Small Biz No Fan of $700B Rescue Plan – Gee, and to hear the Main Stream Media – you might think Small Business couldn’t wait for the Bailout.
Dunstan Prial FOXBusiness
The anger out in America triggered by Washington’s proposal to rescue the U.S. financial system to the tune of $700 billion is palpable — almost visceral.
That’s hardly surprising, given the broad knowledge that the executives in charge of the giant now-faltering financial institutions that stand to benefit most from the bailout make more money in a year than most Americans will in a lifetime (or two).
Small-business owners, in particular, are having a hard time reconciling the concept that bosses who essentially gambled big and lost will get another opportunity to play in the casino.
“They screwed up with all that money and they’re rewarded by a bailout from the government,” said the owner of Creative Design & Landscape, a Doylestown, Pa., contractor.
“Can you imagine if any one of us screwed up that way? I wish the government would come bail us out,” he quipped.
Talk to just about any small business owner and the response is virtually the same.
“It think it’s ludicrous. They’re taking my money to bail out these people who made major mistakes with their lending, but they can’t help the little guy — they don’t bail out hard working Americans. It’s not fair,” said 64-year-old Larry Peterson, owner of The Dog House restaurant in Bradenton, Fla.
An unfortunate paradox of these difficult times is that these very same business owners, in the same breath used to condemn the bailout proposal, make strong cases for why some form of action to ease clogged credit markets is so necessary.
The Doylestown contractor said his business is off sharply because his potential clients can’t get the home-equity loans and extra cash from mortgage refinancings typically used for the type of home improvements in which his company specializes.
The credit crunch, he said, has had a “direct affect on our jobs. When they’re not able to raise the money, that directly affects us as contractors.”
He’s not alone.
According to the 2008 Small Business Mid-Year Economic Report from the National Small Business Association, a trade group, 67% of small businesses have been impacted by the collapse of global credit markets brought on largely by the bursting of the U.S. housing bubble. That’s up from 55% in February.
A whopping 79% of small business owners, according to the survey, believe the immediate future doesn’t hold much promise, predicting either a flat economy or an outright recession awaiting on the horizon.
Peterson, proprietor of The Dog House, said the lousy economy forced him to close down earlier this week, and he will remain closed unless he can find an investor to help him pay off $300,000 in loans he’s already carrying.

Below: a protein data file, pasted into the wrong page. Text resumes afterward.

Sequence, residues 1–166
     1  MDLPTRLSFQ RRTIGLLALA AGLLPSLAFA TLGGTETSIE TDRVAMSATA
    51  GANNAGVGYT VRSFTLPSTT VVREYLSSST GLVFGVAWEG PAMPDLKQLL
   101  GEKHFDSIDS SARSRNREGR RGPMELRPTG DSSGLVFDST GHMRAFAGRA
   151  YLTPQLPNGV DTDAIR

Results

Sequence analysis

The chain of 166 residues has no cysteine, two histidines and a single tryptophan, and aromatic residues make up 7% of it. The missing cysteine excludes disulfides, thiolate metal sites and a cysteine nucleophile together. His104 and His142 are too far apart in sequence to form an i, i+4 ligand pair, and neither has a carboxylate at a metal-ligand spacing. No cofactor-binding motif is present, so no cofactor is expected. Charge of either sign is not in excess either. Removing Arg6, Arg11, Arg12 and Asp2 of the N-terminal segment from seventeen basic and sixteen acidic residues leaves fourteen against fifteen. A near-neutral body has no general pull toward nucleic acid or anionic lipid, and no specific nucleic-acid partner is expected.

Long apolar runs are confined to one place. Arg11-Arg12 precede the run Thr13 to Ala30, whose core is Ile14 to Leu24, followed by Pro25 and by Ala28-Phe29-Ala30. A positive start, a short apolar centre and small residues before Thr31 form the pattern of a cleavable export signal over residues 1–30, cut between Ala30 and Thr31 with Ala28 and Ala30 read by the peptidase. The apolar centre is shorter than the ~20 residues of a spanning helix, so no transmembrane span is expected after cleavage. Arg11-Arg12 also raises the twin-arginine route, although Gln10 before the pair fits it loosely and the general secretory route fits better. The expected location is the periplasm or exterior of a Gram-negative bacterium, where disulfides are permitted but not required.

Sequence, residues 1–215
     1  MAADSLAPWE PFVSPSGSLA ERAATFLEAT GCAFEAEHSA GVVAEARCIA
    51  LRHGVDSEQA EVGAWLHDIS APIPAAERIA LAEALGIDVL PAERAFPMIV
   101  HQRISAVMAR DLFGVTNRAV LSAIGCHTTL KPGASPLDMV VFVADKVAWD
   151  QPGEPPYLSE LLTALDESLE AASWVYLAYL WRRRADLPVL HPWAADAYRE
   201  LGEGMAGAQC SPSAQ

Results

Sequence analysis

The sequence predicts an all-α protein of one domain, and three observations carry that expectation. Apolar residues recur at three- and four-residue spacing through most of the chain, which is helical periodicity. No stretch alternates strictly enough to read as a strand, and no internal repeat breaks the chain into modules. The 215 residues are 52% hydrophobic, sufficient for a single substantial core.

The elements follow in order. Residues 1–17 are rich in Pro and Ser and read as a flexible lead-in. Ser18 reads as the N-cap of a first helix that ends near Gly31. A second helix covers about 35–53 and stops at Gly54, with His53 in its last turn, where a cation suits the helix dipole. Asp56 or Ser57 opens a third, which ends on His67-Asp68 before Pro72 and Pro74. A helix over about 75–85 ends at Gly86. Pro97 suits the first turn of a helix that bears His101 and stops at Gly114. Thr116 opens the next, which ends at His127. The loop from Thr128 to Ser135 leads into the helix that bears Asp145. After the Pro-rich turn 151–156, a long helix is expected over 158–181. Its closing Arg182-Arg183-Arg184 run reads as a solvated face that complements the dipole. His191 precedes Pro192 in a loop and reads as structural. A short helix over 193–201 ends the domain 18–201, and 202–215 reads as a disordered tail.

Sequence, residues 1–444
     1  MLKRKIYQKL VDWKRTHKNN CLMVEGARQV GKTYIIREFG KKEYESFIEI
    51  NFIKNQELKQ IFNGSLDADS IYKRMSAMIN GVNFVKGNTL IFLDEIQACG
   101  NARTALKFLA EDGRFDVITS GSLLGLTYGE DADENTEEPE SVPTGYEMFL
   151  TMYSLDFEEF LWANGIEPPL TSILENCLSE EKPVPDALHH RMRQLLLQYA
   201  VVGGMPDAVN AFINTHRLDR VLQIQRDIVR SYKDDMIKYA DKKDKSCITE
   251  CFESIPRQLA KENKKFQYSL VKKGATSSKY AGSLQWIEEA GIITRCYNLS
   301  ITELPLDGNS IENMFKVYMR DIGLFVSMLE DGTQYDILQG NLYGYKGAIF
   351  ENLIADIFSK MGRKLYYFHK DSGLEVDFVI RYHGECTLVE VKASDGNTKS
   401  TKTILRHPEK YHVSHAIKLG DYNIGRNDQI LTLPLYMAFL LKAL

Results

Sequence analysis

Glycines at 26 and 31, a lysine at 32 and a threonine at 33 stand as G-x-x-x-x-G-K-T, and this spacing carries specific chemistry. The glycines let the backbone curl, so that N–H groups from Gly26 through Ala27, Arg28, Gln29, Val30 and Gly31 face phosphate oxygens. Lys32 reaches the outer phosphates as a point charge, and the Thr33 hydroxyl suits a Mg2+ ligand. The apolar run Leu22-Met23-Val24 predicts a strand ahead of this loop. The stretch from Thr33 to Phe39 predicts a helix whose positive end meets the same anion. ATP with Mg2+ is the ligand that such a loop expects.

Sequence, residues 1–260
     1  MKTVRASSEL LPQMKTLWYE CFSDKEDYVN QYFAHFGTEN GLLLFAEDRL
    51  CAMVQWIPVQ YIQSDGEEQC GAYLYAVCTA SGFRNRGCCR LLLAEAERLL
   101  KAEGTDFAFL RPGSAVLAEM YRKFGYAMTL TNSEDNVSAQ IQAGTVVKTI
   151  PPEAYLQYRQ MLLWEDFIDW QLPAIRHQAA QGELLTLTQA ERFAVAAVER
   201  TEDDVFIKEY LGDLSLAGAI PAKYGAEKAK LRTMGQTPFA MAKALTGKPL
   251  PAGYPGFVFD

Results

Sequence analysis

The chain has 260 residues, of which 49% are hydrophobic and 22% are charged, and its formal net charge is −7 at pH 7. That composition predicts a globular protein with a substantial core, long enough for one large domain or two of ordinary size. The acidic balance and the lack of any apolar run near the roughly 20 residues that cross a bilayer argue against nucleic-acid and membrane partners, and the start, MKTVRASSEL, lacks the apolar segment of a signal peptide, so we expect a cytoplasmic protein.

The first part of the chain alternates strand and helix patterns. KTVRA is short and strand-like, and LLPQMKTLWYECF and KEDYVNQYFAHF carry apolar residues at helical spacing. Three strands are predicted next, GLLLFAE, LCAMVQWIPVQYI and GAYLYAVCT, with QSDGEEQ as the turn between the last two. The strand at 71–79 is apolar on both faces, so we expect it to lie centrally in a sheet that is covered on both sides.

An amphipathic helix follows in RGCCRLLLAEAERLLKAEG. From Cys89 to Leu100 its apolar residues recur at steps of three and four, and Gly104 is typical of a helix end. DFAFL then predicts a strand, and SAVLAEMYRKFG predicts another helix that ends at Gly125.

Banks are no longer an option, he said.
“The economy is killing me and our government is not doing a damn thing about it. It’s terrible,” he said.
In fact, the government is trying to do something. But is it the right thing?
Treasury Secretary Henry Paulson, in testimony this week before decidedly skeptical members of Congress, argued repeatedly that, while imperfect, the plan to create a government-run haven of sorts for up to $700 billion in bad assets held by financial institutions is the only way to ward off a complete disaster. Hasty approval is needed, according to Paulson, to prevent tighter credit markets, significant job losses and a sharp rise in home foreclosures.
And Paulson assured elected leaders that he’s sensitive to the visceral concerns of the politicians’ constituents.
Are U.S. taxpayers best served by a $700 billion bailout of arguably mismanaged, for-profit financial companies? “This is all about the American taxpayer. That’s all we care about,” he said.
How about the widespread anger at the missteps that brought us to this point? “I share the outrage that people have. It’s embarrassing to look at this, and I think it’s embarrassing to the United States of America,” Paulson said.
But few small-business owners heard the nationally televised daytime testimony. They were working.
President Bush gave a prime time speech last night to address the widespread anger and confusion surrounding the plan.
It was sorely needed, because even some of the strongest detractors of the Bush Administration’s rescue plan acknowledge that doing nothing might be worse.
On Wednesday, Sen. Charles Schumer, D-N.Y., said there’s a consensus in the Senate that “we need to do something,” and that something will get done perhaps as soon as this weekend.
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